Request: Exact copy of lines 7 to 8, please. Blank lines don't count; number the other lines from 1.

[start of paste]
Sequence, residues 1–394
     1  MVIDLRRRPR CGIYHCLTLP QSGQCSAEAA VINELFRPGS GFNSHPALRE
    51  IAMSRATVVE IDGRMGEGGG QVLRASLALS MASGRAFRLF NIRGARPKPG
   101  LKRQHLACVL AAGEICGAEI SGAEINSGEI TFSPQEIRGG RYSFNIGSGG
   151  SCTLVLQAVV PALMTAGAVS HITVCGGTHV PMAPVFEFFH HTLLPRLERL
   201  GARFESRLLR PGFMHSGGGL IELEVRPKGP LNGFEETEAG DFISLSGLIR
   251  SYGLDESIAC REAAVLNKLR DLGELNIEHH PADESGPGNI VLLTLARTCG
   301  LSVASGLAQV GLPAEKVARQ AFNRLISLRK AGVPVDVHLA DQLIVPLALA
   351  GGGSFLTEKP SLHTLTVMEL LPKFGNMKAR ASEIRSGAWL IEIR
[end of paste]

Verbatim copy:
   251  SYGLDESIAC REAAVLNKLR DLGELNIEHH PADESGPGNI VLLTLARTCG
   301  LSVASGLAQV GLPAEKVARQ AFNRLISLRK AGVPVDVHLA DQLIVPLALA